He let out a labored sigh and scratched his shaggy curls. Obviously, Ms. Bristow, he seemed to be saying. Grimacing, he leaned forward in preparation for standing up, one of his hands braced on the nightstand for assistance. Sydney took a few steps toward him to help, but was stopped with one disconcerting glare.
"Don't." He told her firmly as he found a shaky balance on his feet.
An unexpected jolt rocked her when her gaze locked with those startling eyes, a total lack of contrition in the man's regard as he stared at her with an expression both blatant and annoyed.
"Sark, you need h – "
"No. I don't." His rough voice and curt manner ruffled her after all she'd done to get him well, but she easily kept it from showing. "I can stand just fine on my own," he added, a bit strained.
He shifted unsteadily on his feet, taking a brief inventory of the small room before he moved. She expected him to stumble, even just slightly, but with each painstaking step that he took, he continued to stay upright. Using the wall as his only aid, he slowly reached the foot of the bed where she stood.
One of his hands gripped the sturdy footboard while the other stayed fisted on the wad of material shielding his lower body from her view. After all these years, he still unnerved her, his ominous height and dark looming aura was still rather imposing.
He looked down at her blankly before clearing his throat. "Bathroom?" he asked, immediately averting his eyes.
Nervously twisting her sweater sleeve around a finger, Sydney backed away, trying not to bumble over her words. "Oh. Yes. Um –" she headed toward the door and looked back to find him following. "The only other door in the hallway," she confirmed, and watched him venture inside.
Sark was just about to shut the door when she cut him off with her palm flat on the wood.
"Are you okay?" she asked quietly, the purposely vague question lingering in a string of silence.
He faced her with his jaw set, but when his eyes flicked down to his marked chest, the pain of remembrance momentarily darkened his already torrent gaze and tautened his expression.
Sydney waited for him to speak, but to her frustration, Sark didn't voice the origin or the depths of the demon barely contained within him. He merely forced the door shut over the weight of her hand, leaving her standing in the silent hallway with her mouth open and, more absurdly, her feelings hurt.
Volume VI, Day 649
High Temperature: -4° F
Crack in the ceiling: 4.72" length .6" wide (still moving in the same direction)
Today was a busy one. Physically draining as well as emotionally.
I never did find out anything from Sark in the short period he was awake. His only requests to me before he retired for the rest of the day, and now the night, were a hot bath and some broth.
I had gone outside to gather more wood for the night when he must have finished bathing, then crawled onto my uncomfortable pallet and drifted back off to sleep.
It was odd being in such small confines with another, even if one of us was conscious to only eat and bathe, yet not speaking more that a few sentences. A part of me felt the need to push answers out of him, a part that was of the Sydney-Bristow-pre-seclusion-in-Switzerland kind, while the other part of me felt a bit of pity for him.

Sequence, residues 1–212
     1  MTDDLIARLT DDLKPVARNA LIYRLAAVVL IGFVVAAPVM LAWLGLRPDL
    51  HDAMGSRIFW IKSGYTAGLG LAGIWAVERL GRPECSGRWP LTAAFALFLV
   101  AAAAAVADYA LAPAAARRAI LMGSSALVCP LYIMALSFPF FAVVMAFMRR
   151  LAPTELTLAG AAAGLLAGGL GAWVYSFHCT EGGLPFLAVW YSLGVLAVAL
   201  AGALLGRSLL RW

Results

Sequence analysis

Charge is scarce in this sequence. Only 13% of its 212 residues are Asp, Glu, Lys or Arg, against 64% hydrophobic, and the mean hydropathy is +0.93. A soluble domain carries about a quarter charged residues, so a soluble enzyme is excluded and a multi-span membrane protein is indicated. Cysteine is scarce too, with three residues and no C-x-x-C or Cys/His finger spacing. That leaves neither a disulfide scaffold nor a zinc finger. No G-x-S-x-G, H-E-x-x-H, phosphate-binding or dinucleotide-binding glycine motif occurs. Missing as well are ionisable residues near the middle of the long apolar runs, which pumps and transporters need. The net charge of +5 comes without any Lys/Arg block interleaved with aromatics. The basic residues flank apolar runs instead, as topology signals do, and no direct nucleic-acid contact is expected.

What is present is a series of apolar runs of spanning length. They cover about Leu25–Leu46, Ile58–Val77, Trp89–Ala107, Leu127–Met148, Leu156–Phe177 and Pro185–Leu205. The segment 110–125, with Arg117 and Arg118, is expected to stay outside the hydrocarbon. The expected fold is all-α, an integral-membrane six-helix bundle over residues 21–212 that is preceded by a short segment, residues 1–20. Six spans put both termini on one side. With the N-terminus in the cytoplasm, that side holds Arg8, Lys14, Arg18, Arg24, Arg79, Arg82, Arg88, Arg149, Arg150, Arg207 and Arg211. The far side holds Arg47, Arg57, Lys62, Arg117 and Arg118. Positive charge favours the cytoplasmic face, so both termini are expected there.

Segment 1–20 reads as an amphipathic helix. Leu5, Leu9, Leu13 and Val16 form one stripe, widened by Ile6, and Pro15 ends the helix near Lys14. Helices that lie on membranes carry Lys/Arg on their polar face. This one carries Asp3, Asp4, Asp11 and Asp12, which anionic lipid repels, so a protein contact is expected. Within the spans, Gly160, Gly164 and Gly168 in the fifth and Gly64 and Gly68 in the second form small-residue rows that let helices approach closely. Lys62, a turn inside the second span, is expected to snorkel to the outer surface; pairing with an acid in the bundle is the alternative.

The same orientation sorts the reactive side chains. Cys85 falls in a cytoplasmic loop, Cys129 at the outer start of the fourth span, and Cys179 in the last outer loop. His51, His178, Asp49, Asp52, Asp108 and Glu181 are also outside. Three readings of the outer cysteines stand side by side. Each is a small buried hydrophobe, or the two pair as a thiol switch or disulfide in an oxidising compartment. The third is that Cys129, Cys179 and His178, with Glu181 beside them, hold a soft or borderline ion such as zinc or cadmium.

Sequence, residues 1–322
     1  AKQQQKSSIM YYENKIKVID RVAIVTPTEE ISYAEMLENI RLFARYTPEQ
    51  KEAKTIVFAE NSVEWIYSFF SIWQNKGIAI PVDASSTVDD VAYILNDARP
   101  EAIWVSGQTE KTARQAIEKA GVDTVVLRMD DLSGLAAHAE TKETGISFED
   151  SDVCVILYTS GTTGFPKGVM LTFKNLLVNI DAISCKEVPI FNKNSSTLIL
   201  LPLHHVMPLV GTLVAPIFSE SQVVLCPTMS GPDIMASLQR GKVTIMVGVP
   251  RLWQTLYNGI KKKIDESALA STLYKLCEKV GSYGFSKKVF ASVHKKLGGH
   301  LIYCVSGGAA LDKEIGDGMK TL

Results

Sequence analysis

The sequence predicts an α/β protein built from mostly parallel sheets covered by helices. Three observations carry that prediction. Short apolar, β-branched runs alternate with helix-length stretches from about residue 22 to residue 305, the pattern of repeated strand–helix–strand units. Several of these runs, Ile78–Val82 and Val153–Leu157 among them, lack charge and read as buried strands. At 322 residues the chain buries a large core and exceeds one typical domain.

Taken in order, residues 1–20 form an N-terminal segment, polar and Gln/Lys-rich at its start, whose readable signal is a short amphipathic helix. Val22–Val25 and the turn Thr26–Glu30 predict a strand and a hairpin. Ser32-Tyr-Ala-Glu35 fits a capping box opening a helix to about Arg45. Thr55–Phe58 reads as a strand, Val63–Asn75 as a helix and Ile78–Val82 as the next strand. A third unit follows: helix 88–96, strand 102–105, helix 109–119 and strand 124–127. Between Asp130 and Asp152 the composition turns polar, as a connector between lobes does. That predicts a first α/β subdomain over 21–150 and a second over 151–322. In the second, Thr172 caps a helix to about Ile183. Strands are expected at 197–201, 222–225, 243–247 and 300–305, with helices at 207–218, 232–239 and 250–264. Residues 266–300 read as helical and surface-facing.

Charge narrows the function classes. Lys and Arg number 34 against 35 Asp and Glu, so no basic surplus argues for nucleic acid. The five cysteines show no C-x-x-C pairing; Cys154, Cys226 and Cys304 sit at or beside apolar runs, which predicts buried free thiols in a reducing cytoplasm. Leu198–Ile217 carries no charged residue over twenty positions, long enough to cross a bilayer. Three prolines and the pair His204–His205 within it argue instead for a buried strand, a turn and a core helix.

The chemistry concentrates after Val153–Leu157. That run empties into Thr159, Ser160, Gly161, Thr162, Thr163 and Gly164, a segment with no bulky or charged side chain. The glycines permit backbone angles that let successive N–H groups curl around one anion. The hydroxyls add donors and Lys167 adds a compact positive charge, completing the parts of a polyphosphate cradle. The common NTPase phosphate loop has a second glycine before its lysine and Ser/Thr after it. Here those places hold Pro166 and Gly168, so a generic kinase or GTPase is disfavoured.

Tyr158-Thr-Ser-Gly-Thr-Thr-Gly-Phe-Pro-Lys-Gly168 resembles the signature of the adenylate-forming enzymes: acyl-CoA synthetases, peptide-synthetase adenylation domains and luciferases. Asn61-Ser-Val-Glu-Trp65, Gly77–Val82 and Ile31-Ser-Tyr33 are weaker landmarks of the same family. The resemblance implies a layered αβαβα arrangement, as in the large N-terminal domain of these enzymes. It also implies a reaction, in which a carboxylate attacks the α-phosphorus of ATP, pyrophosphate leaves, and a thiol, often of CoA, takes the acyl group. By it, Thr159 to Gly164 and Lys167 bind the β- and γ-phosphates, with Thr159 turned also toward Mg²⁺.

That look in his eyes when I asked about his wellness still haunts me. It was a mix of red, black, and a deep burgundy. Anger, hatred, and blood. Mix them together and you have a heady concoction – vengeance. Finally, my first clue.
He has a proposition for me. I can feel it. I'll give him another day to recoup some of his strength and gather his wits before I take a more demanding approach to this situation.
Whether he's decided to test my abilities to see if I've grown inept in my time away, or wants to feel me out before approaching me with his plans, by the time he leaves here, there will be confidences shared, offers stated, words that are meant to be convincing spoken, and maybe…
Maybe I'll be leaving, too.
As I said at the beginning, today was busy and draining. Tomorrow, for completely different reasons than today, will be much worse.
"Well, I must endure the presence of two or three caterpillars if I wish to become acquainted with the butterflies." – The Little Prince, Ch 9
Sydney woke at dawn, reaching for the book of matches on her nightstand and lighting the oil lamp as she slipped out of bed. Crossing to the other side of the room, she grabbed her laid-out clothing, her boots, and her Browning, then crept silently out the bedroom door.
While she got dressed, she mentally ticked off the items left to do before she'd be free to leave. Since she wouldn't be back until after dark, and had had no chance to forewarn Sark, there was much left to accomplish. She busied herself making a detailed list in case he needed assistance with maintaining fires, heating water, and things of the like. Then set out some towels, the instant coffee canister, and enough fixings for all of his meals.
List complete and note left in plain sight, she moved back toward the bedroom. Sark still lay in the same position as he had when she woke, sleeping soundly on his side atop the pallet.
Watching him from the doorway, Sydney tried to envision him as the man he was back when she was employed by SD-6 and later with the CIA. For some reason beyond her early morning comprehension, the image was now blurred, flawed not just by his physical changes, but by the weakness he'd shown her in his current predicament. Revelations like the one she witnessed now – him so at peace while he slept, eyelids drooped lazily, breathing strong, deep, and steady, his entire body relaxed – helped to shed new light on the man she once thought beyond redemption.